In April 2019, the city expected to generate $14.3 million from the meals tax in 2020, according to the proposed budget for fiscal year 2019-20.
The 2018 city budget anticipated $13.4 million to be generated by the food tax and, a year later, that expectation increased to $13.8 million, according to city budget documents for fiscal year 2018-19.
City staff, including City Manager Eric Campbell, are working on an updated budget to present to City Council that reflects revenue impacts during the pandemic.
In June, City Council had to reduce the budget as the pandemic and ensuing economic turmoil took its toll on coffers.
The new budget estimated a 10% drop in meals tax revenue from $15.2 million down to $12.9 million in fiscal year 2021, according to budget documents.
The number of COVID-19 cases locally continues to trend upward.
Three county residents have been newly hospitalized with COVID-19, according to data released Friday by the Virginia Department of Health. On Thursday, VDH reported four Rockingham County residents had been newly hospitalized and another four residents had died from the virus.
Over the past seven days, an average of two county residents have been hospitalized due to COVID-19 per day — twice the rate of city residents, according to VDH.
In the county, 264 residents have been hospitalized with the virus and 68 have died out of 5,219 identified cases, according to Thursday data from VDH. In the city, 5,112 cases of the virus have been identified, with 142 hospitalizations and 57 deaths, according to VDH.
Addressing the overwhelming need for vaccinations, Page County on Friday hosted the Lord Farifax Health District’s third community Point of Dispensing clinic. When the clinic cut off new arrivals at 1 p.m., vehicles were still backed up on U.S. 340 near Page County High School in the town of Shenandoah, said Dr. Colin Greene, director of the health district. Harrisonburg and Rockingham are in the Central Shenandoah Health District.
Across the area, restaurants have adapted as best as possible to changing health and customer demands, as well as state health and business regulations that continue to change as case counts rise, according to managers and owners.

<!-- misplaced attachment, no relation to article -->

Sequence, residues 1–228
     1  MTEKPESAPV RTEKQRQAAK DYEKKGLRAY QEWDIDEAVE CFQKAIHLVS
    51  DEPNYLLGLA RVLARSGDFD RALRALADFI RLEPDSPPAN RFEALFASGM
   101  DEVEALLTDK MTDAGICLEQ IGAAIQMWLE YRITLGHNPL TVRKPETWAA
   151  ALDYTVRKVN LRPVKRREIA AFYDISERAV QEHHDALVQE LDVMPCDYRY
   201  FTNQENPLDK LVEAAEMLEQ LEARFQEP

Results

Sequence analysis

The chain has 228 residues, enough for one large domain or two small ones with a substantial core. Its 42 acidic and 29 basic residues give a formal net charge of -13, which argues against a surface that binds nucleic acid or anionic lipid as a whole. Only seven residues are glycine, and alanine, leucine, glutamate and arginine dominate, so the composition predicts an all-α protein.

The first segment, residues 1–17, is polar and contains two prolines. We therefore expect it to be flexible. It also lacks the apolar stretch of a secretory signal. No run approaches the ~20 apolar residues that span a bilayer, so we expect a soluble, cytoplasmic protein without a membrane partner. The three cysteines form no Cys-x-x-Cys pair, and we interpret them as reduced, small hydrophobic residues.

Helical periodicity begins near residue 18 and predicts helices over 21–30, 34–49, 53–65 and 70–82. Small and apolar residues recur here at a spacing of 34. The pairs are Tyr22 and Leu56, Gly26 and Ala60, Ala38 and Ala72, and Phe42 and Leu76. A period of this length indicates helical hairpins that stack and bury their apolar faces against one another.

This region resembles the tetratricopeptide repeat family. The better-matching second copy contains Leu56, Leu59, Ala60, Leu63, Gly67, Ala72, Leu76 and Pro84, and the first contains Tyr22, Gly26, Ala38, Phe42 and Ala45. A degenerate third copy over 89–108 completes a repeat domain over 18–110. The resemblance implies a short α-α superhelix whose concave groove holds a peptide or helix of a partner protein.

“We just try to offer as much as we can to keep the doors open, people working and paying our taxes,” said Vlasis Bouloubasis, manager of The Galley on South Main Street in Harrisonburg.
He said the restaurant began offering delivery at the beginning of the pandemic.
“We’ve been here for 21 years and hopefully we’re going to be for another 21,” Bouloubasis said.
Small-town restaurants, like El Charro in Bridgewater and Gobbler Grill in Broadway, pay their meals tax to the towns, according to the respective town managers.
At El Charro, workers took their dining space and restaurant and pivoted to a drive-thru system, according to Kathy Rodriguez, manager at the eatery. Takeout orders now account for 70-90% of the Mexican American restaurant’s business, Rodriguez said.
“We’ve never had the high volume to-go orders as we’ve experience now,” she said Friday.
At Gobbler Grill, sales are down this year compared to last, according to owner Colby Mongold, as is common in the pandemic era.
As well, tips have increased at restaurants, even for takeout orders, according to Rodriguez, Mongold and Bouloubasis.
The food workers said the communities have stepped up to support local restaurants during the pandemic.
“The community’s been really sweet and we have lots of regulars who are really supportive and that helps, too,” Bennington said.
However, she said she is looking forward to spring and a brighter future of increased travel, indoor dining and baseball games at the nearby fields as the country can put the pandemic in the rear-view mirror.
“I see more traffic coming down from Massanutten and Elkton, so that’s been good,” Bennington said.
The Bennington-Horon family is already cooking up ideas for the future, such as seven-days-a-week breakfast service.
“We’re optimistic,” Bennington said.